But it means that the few, but important cultural differences that cause division with the host culture go mostly unchallenged and accepted within the community they live in.

Suddenly you don’t have a load of different coexisting cultures in one area, you have many conflicting cultures living in different areas of the same country. This isn’t creating diversity. Its creating division. And it creates ghettoisation.

There are many cultural practises in other parts of the world that are inherently incompatible with the culture many in the UK would adhere to. They are just not compatible with either a local or even western mindset, yet are an integral part of culture elsewhere and a fully accepted part of life.

I will take female genital mutilation as one example. You would be hard pressed to find a single person with a western culture that finds it anything less than abhorrent. Yet it flourishes in other parts of the world as it is fully accepted, and now is a huge problem here in the UK. An estimated 137,000 cases of FGM are estimated to have taken place in Britain, and yet not one conviction has been made.

How can it be that, that many people living in the UK have the belief that this is ok? Genuinely believe its ok and acceptable to mutilate a woman to “control their sexuality”. Why don’t we challenge this more robustly? Is it because its their cultural difference and therefore unable to be challenged? Does that make it ok? More importantly should we happily co-exist with that cultural practise?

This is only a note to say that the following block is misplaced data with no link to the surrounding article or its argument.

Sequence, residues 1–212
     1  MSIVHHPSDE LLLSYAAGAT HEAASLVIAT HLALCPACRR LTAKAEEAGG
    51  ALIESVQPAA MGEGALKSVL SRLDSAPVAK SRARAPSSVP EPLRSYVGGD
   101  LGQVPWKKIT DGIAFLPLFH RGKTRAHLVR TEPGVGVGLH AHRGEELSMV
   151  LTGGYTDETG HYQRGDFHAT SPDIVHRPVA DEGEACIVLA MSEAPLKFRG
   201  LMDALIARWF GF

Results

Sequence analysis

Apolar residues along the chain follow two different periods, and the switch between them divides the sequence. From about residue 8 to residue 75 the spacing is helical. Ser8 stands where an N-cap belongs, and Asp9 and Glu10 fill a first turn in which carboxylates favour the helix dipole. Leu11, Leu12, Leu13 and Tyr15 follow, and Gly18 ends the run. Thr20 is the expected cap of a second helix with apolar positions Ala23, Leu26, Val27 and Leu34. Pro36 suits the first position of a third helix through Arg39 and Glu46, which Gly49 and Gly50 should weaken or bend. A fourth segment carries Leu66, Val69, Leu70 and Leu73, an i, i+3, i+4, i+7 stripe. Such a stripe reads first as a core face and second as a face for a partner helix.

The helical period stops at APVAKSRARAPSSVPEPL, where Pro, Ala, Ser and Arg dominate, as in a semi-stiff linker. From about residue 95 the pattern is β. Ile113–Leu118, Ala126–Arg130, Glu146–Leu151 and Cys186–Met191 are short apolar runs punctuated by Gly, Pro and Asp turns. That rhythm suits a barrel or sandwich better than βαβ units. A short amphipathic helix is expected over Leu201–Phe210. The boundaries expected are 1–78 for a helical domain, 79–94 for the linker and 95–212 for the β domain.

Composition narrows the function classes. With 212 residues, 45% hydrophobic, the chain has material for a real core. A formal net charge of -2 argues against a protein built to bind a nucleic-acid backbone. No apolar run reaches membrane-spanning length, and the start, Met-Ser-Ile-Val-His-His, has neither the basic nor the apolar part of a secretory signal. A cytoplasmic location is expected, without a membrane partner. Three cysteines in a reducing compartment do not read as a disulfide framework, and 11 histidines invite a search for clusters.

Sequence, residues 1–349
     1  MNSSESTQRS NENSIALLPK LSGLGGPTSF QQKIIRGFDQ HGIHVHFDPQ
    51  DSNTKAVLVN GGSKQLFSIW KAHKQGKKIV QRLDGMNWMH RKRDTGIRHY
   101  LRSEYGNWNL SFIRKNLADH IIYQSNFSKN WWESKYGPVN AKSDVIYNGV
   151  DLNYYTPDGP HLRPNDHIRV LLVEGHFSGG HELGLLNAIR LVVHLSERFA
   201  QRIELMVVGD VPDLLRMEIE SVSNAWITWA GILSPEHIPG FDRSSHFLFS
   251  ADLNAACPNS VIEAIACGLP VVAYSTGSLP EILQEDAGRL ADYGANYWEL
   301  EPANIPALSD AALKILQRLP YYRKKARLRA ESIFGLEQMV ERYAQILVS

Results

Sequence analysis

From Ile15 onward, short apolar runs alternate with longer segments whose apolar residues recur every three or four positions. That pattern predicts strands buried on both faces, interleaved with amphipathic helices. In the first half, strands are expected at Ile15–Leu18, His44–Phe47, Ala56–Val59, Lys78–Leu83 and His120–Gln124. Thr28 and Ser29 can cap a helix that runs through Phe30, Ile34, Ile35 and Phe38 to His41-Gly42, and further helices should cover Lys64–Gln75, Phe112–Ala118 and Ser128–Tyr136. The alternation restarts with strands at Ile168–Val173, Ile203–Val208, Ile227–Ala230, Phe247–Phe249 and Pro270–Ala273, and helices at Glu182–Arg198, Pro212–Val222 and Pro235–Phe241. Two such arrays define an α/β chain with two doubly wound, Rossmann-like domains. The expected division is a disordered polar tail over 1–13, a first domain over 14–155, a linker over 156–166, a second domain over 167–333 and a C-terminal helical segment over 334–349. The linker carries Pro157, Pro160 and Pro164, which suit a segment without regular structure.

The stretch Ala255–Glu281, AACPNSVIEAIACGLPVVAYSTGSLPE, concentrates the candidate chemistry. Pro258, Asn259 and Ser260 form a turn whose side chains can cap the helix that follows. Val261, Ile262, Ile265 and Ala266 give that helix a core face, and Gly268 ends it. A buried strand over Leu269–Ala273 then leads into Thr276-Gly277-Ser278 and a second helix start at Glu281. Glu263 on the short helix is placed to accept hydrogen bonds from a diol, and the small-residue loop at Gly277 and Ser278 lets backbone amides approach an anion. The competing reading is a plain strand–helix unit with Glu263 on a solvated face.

There are parts of the world where women are second class citizens, where homosexuality is deemed as sinful at best, or punishable by death at the worst. Cultures where racism against others different to ones self is seen as absolutely fine. Cultures where one has a severe grievance against the other for no other reason than previous conflicts from generations ago.

Are we to embrace and coexist with those cultural beliefs? Is it at all possible that we can expect those who find those cultural beliefs abhorrent, and those that find it acceptable to not find friction between one another?

I sincerely hope your answer is no.

It doesn’t matter if we dress different, it doesn’t matter if we look different, it doesn’t matter if we have different gods, different politics, or even to some small degree different values. It does matter if we have fundamental differences in what we believe is inherently right and wrong and there is no way of ever changing those differences.

So until the sheer number of conflicting cultures entering the UK is stemmed to allow integration, until we are able to create a society whereby we the vast majority of us are working for the same vision, the same goals and similar values then division will continue to grow.

I don’t want that, most sane people don’t want that, and if they were honest with themselves, those that came up with the current strategy didn’t want this iteration of multiculturalism either.